Cowboys Pressed to Re-Sign Former Starting OL in ‘Backup Role’

Ronald Leary

Getty Ronald Leary

The Dallas Cowboys executed a shrewd business move in 2017 when they allowed starting left guard Ronald Leary to defect in free agency, losing the 320-pound mauler to the Denver Broncos.

Leary’s tenure in Denver was underwhelming, to say the least. He lasted three inconsistent, injury-plagued seasons before landing in the unemployment line, where he’s remained since March. Entering his age-31 campaign, it’s likely that Leary’s days as a starter are behind him.

But, fully healthy, he could be valuable insurance for an undermanned or particularly young offensive line.

The Cowboys fall into the latter category as it pertains to their backup guard spots, and Bleacher Report connected the dots, naming Dallas and Cleveland the “best fits” for Leary’s unclaimed services.

While Larry Warford is the cream of the remaining offensive line crop, he isn’t the only option for guard-needy teams. Former Cowboys and Denver Broncos guard Ronald Leary remains available and is another starting-caliber option.

While Leary is a bit of a health risk—he finished both 2017 and 2018 on injured reserve and missed another four games in 2019—he’s also started 76 of his 77 career games. He could be an option for the Cleveland Browns, who are heading into camp with no clear starter at right guard.

If Leary is willing to take a backup role, he could return to the Cowboys to provide depth behind Connor Williams and Zack Martin. He might even have a shot at unseating Williams on the left side. For his part, Leary doesn’t seem opposed to the idea.

“I do still have my crib in Dallas,” Leary tweeted back in March.

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Remember Him?

Before Connor Williams was manning LG for the Cowboys, it was Leary’s job. Signed in 2012 as an undrafted free agent, he was a 16-game starter the following two seasons, beating out Nate Livings and Mackenzy Bernadeau, respectively. The Memphis product was a key cog on arguably the best line in the NFL and earned impressive marks, particularly as a run-blocker, from Pro Football Focus.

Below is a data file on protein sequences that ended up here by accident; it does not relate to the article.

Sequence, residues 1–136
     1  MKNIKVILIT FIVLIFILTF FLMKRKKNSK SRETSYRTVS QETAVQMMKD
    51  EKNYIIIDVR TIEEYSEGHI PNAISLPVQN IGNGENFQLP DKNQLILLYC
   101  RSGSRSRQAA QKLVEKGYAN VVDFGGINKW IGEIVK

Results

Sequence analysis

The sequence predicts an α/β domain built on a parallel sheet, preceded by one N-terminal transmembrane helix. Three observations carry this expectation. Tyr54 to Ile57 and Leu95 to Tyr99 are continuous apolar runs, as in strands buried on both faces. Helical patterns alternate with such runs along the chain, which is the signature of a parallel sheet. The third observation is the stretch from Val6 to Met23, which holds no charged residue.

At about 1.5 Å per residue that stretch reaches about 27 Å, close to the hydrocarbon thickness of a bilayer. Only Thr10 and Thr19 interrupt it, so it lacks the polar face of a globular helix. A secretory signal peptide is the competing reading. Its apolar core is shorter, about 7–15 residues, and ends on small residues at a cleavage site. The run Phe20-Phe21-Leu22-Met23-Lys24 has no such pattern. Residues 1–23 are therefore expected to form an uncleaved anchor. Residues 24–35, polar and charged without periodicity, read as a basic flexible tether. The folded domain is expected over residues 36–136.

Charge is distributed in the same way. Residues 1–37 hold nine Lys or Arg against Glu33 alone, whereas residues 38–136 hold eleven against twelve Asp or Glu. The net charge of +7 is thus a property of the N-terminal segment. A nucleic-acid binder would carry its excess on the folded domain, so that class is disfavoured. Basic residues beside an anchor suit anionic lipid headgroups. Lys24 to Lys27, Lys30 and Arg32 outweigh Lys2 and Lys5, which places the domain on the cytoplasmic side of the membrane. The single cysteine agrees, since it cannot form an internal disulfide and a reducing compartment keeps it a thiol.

Leary developed an injury-prone reputation, however, missing 12 games in 2015 and three in 2016, after unsuccessfully motioning for a trade. He battled a concussion and back ailment that year but helped spring Cowboys star running back Ezekiel Elliott to the rushing title.

He got his pink-slip wish the next offseason as Denver signed him to a four-year, $36 million deal that included $20 million guaranteed. Leary was named the Broncos’ first-string RG for the 2017 campaign, but his aforementioned reputation preceded him; he was lost to injured reserve with a back issue, 11 games into his pact.

Leary was stationed at his natural left guard post in 2018, though he again failed to stay on the field, making only six appearances prior to suffering a torn Achilles. Recovered, he was kicked over to right guard last season, playing in 12 games until — you guessed it! — an injury forced him to IR.

Broncos general manager John Elway, knowing a lemon when he sees one, announced at February’s Scouting Combine that Leary’s option would be declined. In March, the team inked his replacement, former Lions OG Graham Glassgow, to a four-year, $44 million contract.

Leary has drawn no known interest since his release, thanks in large part to his injury jacket and the COVID-19 pandemic, which shuttered NFL facilities for several months. Finding a new home in 2020 is undoubtedly contingent on his ability to pass a physical.

Potential Fit with Cowboys

The club has a few upside projects in second-year interior lineman Connor McGovern, the No. 2 behind Williams, and fourth-round rookie center Tyler Biadasz, who should compete with Joe Looney for the right to succeed retired Travis Frederick.

But the Cowboys don’t possess a true veteran among the bunch. How’s this for perspective: 2019 UDFA Wyatt Miller is tentatively penciled in as the backup to perennial Pro Bowl RG Zack Martin. It’s possible that OG Cameron Erving moonlights at both positions, though he’s also a snap away from starting at tackle. Not an overly encouraging situation.

A Leary reunion makes sense on some level. He wouldn’t cost more than the vet minimum — no guaranteed money — and already knows the locker room. It’d be a low-risk, high-reward flier that Dallas, to this point, appears unwilling to take.

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Follow Zack Kelberman on Twitter: @KelbermanNFL